Stereotactic Body Radiation Therapy for Stage I Non-Small Cell Lung Cancer: A Retrospective, Single-Center Study of 55 Patients

Rahul P Bhandari, Jason D Stanford, Satya Packianathan, William N Duggar, Madhava R Kanakamedala, Xu Zhang, Shankar P Giri, Pullatikurthi P Kumar, Leslie M Harrell, Sophy H Mangana, Chunli Yang, Srinivasan Vijayakumar
Oncology 2016, 91 (4): 194-204

Purpose/Objective(s): Stereotactic body radiation therapy (SBRT) is an effective treatment for patients with early-stage non-small cell lung cancer (NSCLC) who are not surgical candidates or who refuse surgical management. In this study, we report on our clinical outcomes and toxicity in the treatment of early-stage NSCLC with SBRT.

METHODS AND MATERIALS: Fifty-five patients with 59 T1-2N0M0 NSCLC lesions were treated at our institution between December 2009 and August 2014. The majority of the patients [38 (69%)] were treated with 50 Gy in 5 fractions, 7 patients (13%) with 48 Gy in 4 fractions, 8 patients (14%) with 60 Gy in 3 fractions, 1 patient (2%) with 62.5 Gy in 10 fractions, and 1 patient (2%) with 54 Gy in 3 fractions. Tumor response was evaluated using RECIST 1.1, and toxicity was graded using the CTCAE (Common Terminology Criteria for Adverse Events) version 3.0. The primary endpoints of this retrospective review included rates of overall survival, disease-free and progression-free survival, local failure, regional failure, and distant failure. A secondary endpoint included radiation-related toxicities.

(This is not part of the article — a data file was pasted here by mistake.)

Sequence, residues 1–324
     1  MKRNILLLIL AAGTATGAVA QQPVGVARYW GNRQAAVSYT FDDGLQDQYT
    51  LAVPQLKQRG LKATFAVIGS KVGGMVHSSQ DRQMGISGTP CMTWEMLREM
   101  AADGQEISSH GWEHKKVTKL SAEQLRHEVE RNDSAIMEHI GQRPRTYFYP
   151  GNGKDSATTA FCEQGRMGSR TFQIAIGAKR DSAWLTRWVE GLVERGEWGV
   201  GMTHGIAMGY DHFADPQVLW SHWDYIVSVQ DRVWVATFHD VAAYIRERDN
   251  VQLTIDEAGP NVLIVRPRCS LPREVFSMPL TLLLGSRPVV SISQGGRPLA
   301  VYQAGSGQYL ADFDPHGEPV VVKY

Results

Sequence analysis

RESULTS: The median follow-up was 23.8 months (range 1.1-57.6). The 3-year local control, progression-free survival, and overall survival rates were 91, 55, and 71%, respectively. The median age at diagnosis was 67.9 years (range 51.4-87.1). There were a total of 54 T1N0 tumors (92%) and 5 T2N0 lesions (8%). Adenocarcinoma was the most common pathology, comprising 54% of the lesions. A total of 16 of the patients (29%) failed. Among these, 5 local (9%), 14 regional (25%), and 4 distant failures (7%) were observed. On follow-up, one patient had grade 2 and another had grade 5 pneumonitis. Three patients experienced grade 2 chest wall tenderness. Two patients had grade 1 rib fractures, one of which could not be discerned from radiation-induced toxicity versus a traumatic fall.

CONCLUSION: The University of Mississippi Medical Center SBRT experience has shown that SBRT provides satisfactory local control and overall survival rates with minimal toxicity in early-stage NSCLC patients.

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